What is esketamine, and is it effective in treating depression?
If you're still experiencing depression after trying conventional antidepressants, it may be time to try something new. Approved by the U.S. Food and Drug Administration, esketamine nasal spray works in conjunction with oral antidepressants to treat depressive symptoms in adults with either treatment-resistant depression or major depressive disorder with suicidal ideation or behavior. Put simply, it provides relief for depression by helping antidepressants work more effectively.
"I've been running the esketamine clinic for two years, and patients love it. It has given many of them a chance to experience life without depression for the first time in decades," says Stephen Salzbrenner, MD, a board-certified psychiatrist who founded the ketamine therapy program at Nebraska Medical Center.
What is esketamine?
Esketamine is made from a drug called ketamine, an anesthetic used for many years. But it wasn't until recently that esketamine, a component of ketamine, earned FDA approval for use as a nasal spray for treatment-resistant depression.
How does esketamine treat depression?
Esketamine's antidepressant function doesn't work like other antidepressant medications. Conventional antidepressants increase naturally occurring chemicals like serotonin and dopamine. These chemicals are messengers that relay communication between brain cells and impact mood. The theory is that more neurotransmitter activity leads to better mood. Similarly, esketamine increases glutamate, the most abundant chemical messenger in the brain, which is thought to treat depression in a way that is unique from other antidepressants on the market.
What are the side effects of esketamine?
People can experience a variety of side effects from esketamine. The most dramatic side effect is temporary dissociation, which is a feeling of being disconnected from yourself or reality. Other side effects may include:
- Increased blood pressure
Side effects usually peak around 40 minutes and wear off within two hours of treatment. You can expect the most intense side effects during the first two treatments, but symptoms often reduce after that.
Where can I find esketamine?
Esketamine nasal spray can only be used in a clinic or hospital setting. This means you cannot purchase it at a pharmacy or drugstore like most medications. Under medical supervision, you'll give yourself three doses nasally, spaced five minutes apart. You'll remain in the clinic under medical observation for two hours. You'll need to have a friend or family member drive you home, and you won't be able to drive the rest of the day due to possible side effects.
The starting dose is 56 milligrams on day one, then 56 to 84 mg twice a week for the first month. After that, most patients taper to once per week for the next several months and then some can eventually drop to once every other week.
"Most patients will likely have to take it forever, but we try to get them down to the lowest necessary dosage and frequency to make it easier to continue treatment" says Dr. Salzbrenner.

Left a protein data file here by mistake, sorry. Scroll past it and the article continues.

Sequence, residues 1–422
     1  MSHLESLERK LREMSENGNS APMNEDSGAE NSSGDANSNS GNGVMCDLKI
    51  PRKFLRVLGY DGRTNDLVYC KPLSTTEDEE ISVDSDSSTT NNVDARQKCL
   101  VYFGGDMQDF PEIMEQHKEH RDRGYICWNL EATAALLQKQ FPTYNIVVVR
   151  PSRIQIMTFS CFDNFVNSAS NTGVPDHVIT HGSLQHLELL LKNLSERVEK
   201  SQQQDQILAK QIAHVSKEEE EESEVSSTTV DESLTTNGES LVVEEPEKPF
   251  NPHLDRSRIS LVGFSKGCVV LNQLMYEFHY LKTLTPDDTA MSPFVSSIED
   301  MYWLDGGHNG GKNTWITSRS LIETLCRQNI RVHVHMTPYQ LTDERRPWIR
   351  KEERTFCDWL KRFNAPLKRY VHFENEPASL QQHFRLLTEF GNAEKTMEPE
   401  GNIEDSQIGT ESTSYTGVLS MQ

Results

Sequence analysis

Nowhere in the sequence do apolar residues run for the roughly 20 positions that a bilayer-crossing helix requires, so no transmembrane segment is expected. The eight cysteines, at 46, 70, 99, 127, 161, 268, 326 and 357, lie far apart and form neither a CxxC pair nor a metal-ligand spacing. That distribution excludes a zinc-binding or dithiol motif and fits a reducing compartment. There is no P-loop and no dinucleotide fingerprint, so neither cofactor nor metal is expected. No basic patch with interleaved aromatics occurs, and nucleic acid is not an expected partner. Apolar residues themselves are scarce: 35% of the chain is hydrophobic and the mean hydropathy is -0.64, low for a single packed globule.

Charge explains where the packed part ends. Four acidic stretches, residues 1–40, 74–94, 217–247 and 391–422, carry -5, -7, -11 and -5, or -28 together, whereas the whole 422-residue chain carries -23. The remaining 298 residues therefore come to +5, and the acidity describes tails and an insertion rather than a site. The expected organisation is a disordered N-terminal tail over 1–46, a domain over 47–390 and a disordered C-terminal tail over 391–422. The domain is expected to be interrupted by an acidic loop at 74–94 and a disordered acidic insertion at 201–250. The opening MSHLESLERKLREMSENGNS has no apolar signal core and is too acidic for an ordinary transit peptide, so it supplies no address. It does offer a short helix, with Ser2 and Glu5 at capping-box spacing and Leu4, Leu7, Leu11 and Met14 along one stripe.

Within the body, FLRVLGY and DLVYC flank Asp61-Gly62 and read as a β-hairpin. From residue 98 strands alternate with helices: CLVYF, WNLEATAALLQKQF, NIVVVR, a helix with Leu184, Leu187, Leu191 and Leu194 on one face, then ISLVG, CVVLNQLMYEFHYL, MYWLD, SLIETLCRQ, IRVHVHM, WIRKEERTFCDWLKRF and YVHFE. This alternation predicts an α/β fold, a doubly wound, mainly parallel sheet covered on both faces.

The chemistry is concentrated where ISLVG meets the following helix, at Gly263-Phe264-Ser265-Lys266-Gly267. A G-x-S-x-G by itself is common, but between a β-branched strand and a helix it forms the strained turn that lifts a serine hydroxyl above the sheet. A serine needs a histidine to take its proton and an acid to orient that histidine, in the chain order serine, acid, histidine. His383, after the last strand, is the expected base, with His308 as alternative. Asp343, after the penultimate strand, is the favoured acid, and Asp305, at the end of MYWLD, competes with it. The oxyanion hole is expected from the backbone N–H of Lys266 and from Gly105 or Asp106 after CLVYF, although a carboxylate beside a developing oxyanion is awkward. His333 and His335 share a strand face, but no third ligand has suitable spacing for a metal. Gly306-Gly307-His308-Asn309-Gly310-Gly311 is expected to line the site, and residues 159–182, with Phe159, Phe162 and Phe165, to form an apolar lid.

Who is a good candidate for esketamine therapy?
Currently, esketamine is approved for two conditions. The first is adults with treatment-resistant depression, defined as those who have tried at least two other antidepressants without significant improvement. The second is depressive symptoms in adults with major depressive disorder with suicidal ideation or behavior.
What can I do if I'm struggling with depression?
There are several steps you can take to manage depression on your own:
- Exercise – Regular exercise may help ease depression and anxiety by releasing feel-good endorphins and other natural brain chemicals that can enhance your well-being.
- Eat a healthy diet – Chronic and excessive inflammation harms the body, including the brain. Eating a healthy, balanced diet can help decrease inflammation, preventing depression.
- Get outside – Spending time in nature and sunlight has been found to help ease depression. Getting outside for just a few minutes each day can help relieve your symptoms.
- Add bright light – For those without access to natural sunlight, light therapy boxes offer similar benefits to fight the winter blues. Ask your doctor for help finding one that's right for you.
- Find a psychiatrist – Psychiatry staff are specially trained to provide diagnostic evaluations and treatment for a wide array of mental health problems. Our compassionate clinicians use proven treatment strategies to help you work through your problems and get back to enjoying life.
"Depression can affect your quality of life and personal relationships, but there are many great treatments out there, so don't give up," says Dr. Salzbrenner. "Finding a good psychiatrist or therapist is key to helping you learn how to manage your symptoms."
If your current treatment isn't working for your depression, talk to your psychiatrist to see if esketamine therapy is right for you. For more information or to schedule an appointment, call 402.552.6007.